Mikhail Pletnev

Piano

Frédéric Chopin – 13 Mazurkas Op. 6 No.1 in F-sharp Minor
Op. 6 No. 4 in E-flat Minor
Op. 7 No. 1 in B-flat Major
Op. 17 No. 4 in A Minor
Op. 30 No. 3 in D-flat Major
Op. 30 No.4 in C-sharp Minor
Op. 24 No.2 in C Major
Op. 63 No. 2 in F Minor
Op. 33 No. 3 in C Major
B. 134 in A Minor
Op. 63 No. 3 in C-sharp Minor
Op. 67 No. 4 in A Minor
Op. 68 No. 3 in F Major Frédéric Chopin – Piano Sonata No.3 in B Minor, Op. 58

Tsinandali Festival

2021 September 8-19
Third Edition

17

September, 2021

Friday

18:30
Amphiteatre

Coming soon

Program

Mikhail Pletnev / piano

Frédéric Chopin – 13 Mazurkas:

Op. 6 No.1 in F-sharp Minor
Op. 6 No. 4 in E-flat Minor
Op. 7 No. 1 in B-flat Major
Op. 17 No. 4 in A Minor
Op. 30 No. 3 in D-flat Major
Op. 30 No.4 in C-sharp Minor
Op. 24 No.2 in C Major
Op. 63 No. 2 in F Minor
Op. 33 No. 3 in C Major
B. 134 in A Minor
Op. 63 No. 3 in C-sharp Minor
Op. 67 No. 4 in A Minor
Op. 68 No. 3 in F Major

Frédéric Chopin – Piano Sonata No.3 in B Minor, Op. 58

Biographies

Mikhail Pletnev

Mikhail Pletnev
Piano

 

Mikhail Pletnev is an artist whose genius as pianist, conductor and composer enchants and amazes audiences around the globe. His musicianship encompasses a dazzling technical power and provocative emotional range, and a searching interpretation that fuses instinct with intellect. At the keyboard and podium alike, Pletnev is recognized as one of the finest artists of our time. Pletnev was Gold Medal and First Prize winner of the 1978 Tchaikovsky International Piano Competition when he was only 21, a prize that earned him early recognition worldwide. An invitation to perform at the 1988 superpower summit in Washington led to a friendship with Mikhail Gorbachev and the historic opportunity to make music in artistic freedom.

In 1990 Pletnev formed the first independent orchestra in Russia’s history. The risks of this step, even with Gorbachev’s endorsement, were enormous and it was Pletnev’s reputation and commitment that made his long-held dream a reality. Sharing his vision for a new model for the performing arts, many of the country’s finest musicians joined Pletnev in launching the Russian National Orchestra. Under his leadership, the RNO achieved in a few short years a towering stature among the world’s orchestras. Pletnev describes the RNO as his greatest joy and today serves as its Artistic Director and Principal Conductor. In 2006, he launched the Mikhail Pletnev Fund for the Support of National Culture, a non-profit organization that supports major cultural initiatives and projects, including the RNO’s annual Volga Tour and, in collaboration with Deutsche Grammophon, the Mikhail Pletnev Beethoven Project.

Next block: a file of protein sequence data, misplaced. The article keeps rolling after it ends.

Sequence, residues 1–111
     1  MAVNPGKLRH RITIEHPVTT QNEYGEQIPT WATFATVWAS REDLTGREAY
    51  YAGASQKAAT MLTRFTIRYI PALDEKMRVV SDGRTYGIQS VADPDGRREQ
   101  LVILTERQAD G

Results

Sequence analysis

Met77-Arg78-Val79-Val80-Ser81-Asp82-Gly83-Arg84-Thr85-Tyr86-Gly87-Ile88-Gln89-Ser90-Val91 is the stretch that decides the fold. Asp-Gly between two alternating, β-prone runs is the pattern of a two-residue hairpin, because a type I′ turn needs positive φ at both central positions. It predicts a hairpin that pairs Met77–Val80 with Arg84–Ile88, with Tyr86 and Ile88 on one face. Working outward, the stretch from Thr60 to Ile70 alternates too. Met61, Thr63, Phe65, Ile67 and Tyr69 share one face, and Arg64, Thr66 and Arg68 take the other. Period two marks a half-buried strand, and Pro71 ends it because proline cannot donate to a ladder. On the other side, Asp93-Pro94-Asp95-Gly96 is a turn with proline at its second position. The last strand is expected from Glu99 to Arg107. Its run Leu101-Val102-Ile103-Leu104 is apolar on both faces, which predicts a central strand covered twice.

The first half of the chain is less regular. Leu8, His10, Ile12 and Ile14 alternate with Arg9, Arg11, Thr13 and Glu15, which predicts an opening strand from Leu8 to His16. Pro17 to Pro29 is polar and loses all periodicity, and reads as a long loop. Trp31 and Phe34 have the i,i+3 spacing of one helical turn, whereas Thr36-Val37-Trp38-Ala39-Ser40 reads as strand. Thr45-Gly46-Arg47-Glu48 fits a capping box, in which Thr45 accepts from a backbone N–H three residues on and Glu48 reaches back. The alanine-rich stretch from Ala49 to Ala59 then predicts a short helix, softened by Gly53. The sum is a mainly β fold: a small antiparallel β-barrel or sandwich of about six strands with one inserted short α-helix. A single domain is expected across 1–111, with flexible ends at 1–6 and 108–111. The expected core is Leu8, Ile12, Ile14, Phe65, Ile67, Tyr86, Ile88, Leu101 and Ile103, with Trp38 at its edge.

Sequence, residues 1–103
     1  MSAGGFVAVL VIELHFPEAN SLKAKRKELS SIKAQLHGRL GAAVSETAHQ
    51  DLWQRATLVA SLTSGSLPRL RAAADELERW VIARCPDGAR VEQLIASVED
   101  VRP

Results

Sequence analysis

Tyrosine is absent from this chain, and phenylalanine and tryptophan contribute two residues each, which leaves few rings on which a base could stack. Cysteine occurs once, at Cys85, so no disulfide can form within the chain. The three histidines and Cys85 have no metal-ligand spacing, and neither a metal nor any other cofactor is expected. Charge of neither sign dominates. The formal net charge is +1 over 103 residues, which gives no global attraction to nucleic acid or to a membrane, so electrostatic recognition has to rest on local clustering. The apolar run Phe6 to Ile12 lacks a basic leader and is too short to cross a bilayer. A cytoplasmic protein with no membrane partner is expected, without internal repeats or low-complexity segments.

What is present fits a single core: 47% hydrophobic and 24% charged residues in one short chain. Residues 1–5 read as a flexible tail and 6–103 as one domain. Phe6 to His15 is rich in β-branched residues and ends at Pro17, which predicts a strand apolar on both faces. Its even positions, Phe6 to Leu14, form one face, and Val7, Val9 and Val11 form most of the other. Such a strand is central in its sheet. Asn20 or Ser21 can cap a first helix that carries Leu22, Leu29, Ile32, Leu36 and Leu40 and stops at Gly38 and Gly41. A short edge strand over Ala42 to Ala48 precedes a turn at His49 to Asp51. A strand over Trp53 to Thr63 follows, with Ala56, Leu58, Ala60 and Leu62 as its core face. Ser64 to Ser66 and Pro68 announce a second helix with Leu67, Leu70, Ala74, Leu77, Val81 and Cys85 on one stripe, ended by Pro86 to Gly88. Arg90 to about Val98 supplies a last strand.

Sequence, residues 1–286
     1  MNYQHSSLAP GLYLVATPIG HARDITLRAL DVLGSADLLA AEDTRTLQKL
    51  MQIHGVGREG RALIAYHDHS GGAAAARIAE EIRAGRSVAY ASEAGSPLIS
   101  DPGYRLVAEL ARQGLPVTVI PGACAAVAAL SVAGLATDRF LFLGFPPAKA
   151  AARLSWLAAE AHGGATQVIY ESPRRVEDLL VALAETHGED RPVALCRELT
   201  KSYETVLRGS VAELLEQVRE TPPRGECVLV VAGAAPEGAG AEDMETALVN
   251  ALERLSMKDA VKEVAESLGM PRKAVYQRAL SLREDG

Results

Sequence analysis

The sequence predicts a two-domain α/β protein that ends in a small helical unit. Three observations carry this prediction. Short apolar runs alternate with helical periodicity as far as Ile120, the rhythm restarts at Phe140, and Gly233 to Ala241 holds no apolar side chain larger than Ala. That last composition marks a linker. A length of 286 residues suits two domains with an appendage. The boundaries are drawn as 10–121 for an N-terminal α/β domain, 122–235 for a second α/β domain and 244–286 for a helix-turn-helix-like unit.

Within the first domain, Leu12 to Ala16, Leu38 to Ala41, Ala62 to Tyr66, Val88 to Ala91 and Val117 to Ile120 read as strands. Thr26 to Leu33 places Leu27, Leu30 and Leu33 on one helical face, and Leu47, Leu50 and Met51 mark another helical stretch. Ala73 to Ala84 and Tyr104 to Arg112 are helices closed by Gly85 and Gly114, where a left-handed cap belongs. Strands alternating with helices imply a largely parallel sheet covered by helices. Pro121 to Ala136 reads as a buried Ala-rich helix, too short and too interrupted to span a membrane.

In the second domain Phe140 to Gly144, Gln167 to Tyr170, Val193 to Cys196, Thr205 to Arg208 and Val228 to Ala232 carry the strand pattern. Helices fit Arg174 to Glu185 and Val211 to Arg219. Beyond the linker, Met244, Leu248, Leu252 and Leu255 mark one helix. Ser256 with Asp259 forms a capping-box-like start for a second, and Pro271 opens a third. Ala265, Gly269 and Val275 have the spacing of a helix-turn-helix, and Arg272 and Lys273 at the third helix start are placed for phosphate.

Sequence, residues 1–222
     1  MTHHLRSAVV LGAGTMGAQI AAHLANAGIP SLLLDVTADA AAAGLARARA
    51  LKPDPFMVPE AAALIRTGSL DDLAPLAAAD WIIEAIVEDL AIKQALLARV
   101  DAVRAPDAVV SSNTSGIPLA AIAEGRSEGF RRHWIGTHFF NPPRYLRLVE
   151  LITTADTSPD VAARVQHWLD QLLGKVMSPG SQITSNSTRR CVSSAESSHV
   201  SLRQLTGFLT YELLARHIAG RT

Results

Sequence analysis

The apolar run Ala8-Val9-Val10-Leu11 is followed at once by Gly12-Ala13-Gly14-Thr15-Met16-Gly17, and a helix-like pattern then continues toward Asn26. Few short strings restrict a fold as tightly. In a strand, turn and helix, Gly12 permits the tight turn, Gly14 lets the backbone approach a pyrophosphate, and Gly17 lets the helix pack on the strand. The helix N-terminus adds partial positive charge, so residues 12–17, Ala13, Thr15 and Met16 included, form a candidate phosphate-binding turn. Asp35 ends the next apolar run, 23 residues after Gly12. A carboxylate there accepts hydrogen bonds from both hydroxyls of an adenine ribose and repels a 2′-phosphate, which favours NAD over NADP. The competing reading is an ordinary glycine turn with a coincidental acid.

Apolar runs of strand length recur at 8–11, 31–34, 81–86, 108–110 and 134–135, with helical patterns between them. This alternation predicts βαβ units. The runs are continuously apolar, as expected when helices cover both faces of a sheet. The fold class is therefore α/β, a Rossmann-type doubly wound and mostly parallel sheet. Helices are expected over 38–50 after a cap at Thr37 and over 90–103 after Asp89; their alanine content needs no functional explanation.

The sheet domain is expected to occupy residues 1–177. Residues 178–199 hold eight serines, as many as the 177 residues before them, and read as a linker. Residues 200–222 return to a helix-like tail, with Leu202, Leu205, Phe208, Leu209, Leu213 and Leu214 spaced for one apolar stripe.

As a guest conductor, Pletnev appears regularly with leading orchestras such as London’s Philharmonia Orchestra, Mahler Chamber Orchestra, Tokyo Philharmonic, Concertgebouw Orchestra, London Symphony Orchestra, Los Angeles Philharmonic and City of Birmingham Symphony Orchestra. In 2008 he was named first guest conductor of the Orchestra della Svizzera Italiana in Lugano, Switzerland.

As a solo pianist and recitalist, Pletnev appears regularly in the world’s music capitals. His recordings and live performances have proved him to be an outstanding interpreter of an extensive repertoire. The London Telegraph remarked, “from Pletnev’s fingers and brain come ideas that vitalise the music and make it teem with freshness and wit. [He] made the music positively leap for joy.” The Times describes his playing as “born of a prodigious virtuosity of imagination outrageous in its beauty.”

Pletnev’s recordings have earned numerous prizes, including a 2005 Grammy Award for the CD of his own arrangement, for two pianos, of Prokofiev’s Cinderella, recorded with Martha Argerich and Pletnev at the keyboards. He received Grammy nominations for a CD of Schumann Symphonic Etudes (2004) and for his recording of Rachmaninov and Prokofiev Piano Concertos No. 3 with the RNO and conductor Mstislav Rostropovich (2003). His album of Scarlatti’s Keyboard Sonatas (Virgin/EMI) received a Gramophone Award in 1996. BBC Music Magazine called the recording “piano playing at its greatest… this performance alone would be enough to secure Pletnev a place among the greatest pianists ever known.” In 2007 he recorded all of Beethoven’s piano concertos with Deutsche Grammophon, and the recording of concertos 2 and 4 was named “The Best Concerto Recording of 2007” by the Tokyo Record Academy.